Getting gardeners excited about butterflies and birds is pretty easy. But interesting them in the glories of bugs is trickier. Before you scream “yeech,” check out these facts shared by entomologist John Thieme at a presentation during Gardens of Zionsville tour in June.
- There are nearly 100,000 known insect species in the U.S. and Canada.
- There are over 10 million species still unidentified worldwide.
- At least 95% of the insect species are beneficial or harmless.
- Loss of habitat is the most challenging problem for insect survival.
Thieme described yellow jackets as causing the most harm to humans, and the Japanese beetle as the gardener’s worst pest. (See my comments on these nasties in last month’s ILG column). However, he reminded us, when nature is in balance, most insects are valuable. Foremost, they are food to other insects, birds and mammals. They pollinate. And they are great decomposers; we’d be knee-deep in decaying litter if it weren’t for the insects.
A few of Thieme’s suggestions to work WITH — not against — these gifts of nature include:
- Rotate crops.
- Interplant crops; no monocultures.
- Plant “trap crops,” e.g. a rose bush for Japanese beetles planted far from your garden and patio.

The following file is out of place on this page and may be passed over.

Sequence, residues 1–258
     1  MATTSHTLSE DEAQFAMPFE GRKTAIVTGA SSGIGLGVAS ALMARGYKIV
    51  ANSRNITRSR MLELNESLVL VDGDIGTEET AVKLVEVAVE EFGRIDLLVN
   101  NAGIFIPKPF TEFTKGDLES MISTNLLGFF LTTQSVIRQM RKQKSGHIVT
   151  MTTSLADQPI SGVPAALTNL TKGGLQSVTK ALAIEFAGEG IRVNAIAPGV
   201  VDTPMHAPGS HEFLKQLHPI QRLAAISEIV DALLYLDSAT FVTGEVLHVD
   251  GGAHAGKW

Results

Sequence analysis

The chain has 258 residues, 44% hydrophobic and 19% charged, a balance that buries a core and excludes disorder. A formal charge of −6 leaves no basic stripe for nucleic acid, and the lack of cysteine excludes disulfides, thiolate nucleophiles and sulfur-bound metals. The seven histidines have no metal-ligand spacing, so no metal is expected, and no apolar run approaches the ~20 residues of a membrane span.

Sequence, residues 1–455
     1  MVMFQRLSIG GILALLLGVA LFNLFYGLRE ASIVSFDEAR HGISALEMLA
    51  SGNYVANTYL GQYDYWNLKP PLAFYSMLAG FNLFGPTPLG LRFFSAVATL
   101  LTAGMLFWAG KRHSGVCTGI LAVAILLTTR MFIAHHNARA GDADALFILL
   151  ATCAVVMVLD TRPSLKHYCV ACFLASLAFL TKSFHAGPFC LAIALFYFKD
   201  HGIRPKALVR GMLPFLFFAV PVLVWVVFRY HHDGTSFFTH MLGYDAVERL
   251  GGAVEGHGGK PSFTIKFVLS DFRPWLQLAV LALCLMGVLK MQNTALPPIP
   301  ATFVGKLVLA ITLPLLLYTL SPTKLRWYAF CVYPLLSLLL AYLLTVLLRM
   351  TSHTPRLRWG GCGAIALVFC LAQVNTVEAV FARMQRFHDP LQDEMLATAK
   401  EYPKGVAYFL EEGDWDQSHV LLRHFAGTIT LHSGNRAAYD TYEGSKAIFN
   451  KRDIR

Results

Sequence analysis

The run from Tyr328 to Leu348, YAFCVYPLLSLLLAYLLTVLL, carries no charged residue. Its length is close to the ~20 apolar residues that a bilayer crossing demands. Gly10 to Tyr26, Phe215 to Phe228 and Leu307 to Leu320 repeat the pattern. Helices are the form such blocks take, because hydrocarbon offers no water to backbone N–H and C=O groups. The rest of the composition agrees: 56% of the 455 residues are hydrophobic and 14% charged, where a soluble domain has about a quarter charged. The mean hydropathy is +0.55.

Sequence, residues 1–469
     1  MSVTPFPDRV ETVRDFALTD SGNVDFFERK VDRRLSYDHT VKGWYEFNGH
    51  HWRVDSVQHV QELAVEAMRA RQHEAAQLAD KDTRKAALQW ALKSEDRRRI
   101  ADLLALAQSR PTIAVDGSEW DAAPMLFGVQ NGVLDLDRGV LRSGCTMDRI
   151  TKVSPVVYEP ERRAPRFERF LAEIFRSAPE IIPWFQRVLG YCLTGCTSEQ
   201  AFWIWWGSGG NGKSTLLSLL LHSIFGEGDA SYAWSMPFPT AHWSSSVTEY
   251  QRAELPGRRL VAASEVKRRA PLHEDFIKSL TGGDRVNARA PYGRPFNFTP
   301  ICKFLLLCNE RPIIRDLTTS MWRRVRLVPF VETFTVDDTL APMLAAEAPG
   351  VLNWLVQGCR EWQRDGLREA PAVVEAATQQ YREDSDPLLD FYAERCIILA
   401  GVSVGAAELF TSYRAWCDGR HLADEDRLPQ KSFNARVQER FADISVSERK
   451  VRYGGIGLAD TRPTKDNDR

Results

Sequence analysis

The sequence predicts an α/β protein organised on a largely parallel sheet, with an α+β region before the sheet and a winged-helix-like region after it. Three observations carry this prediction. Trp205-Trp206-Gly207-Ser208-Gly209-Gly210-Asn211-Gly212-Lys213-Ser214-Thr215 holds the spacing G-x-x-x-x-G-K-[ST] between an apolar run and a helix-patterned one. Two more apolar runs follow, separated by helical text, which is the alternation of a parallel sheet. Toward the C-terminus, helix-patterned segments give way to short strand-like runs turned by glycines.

- Learn more about beneficial insects and their good deeds in the garden. For starters, visit the Indiana Organic Gardener’s Association quarterly meetings.
More good news:
- Several counties are offering the well-respected Purdue Master Gardener Program beginning in August or September.
- The Indiana Master Naturalist Course is also being offered across the state, including at Indy’s Holliday Park in August.
- The Indiana Master Naturalist program is designed to teach about Indiana’s natural history and natural resources. Programs beginning in September include Goshen, Kokomo and Danville.
- Indiana DNR’s Division of Nature Preserves will revive an old tradition on Saturday, August 25, with a whole day of field trips with a focus on prairie landscapes. On the Prairie-Savanna Field Day, their staff will lead hikes at various nature preserves in the northwest region of Indiana.
Got a gardening question or a tip to share? Contact Lynn at Lynn@IndianaLivingGreen.com.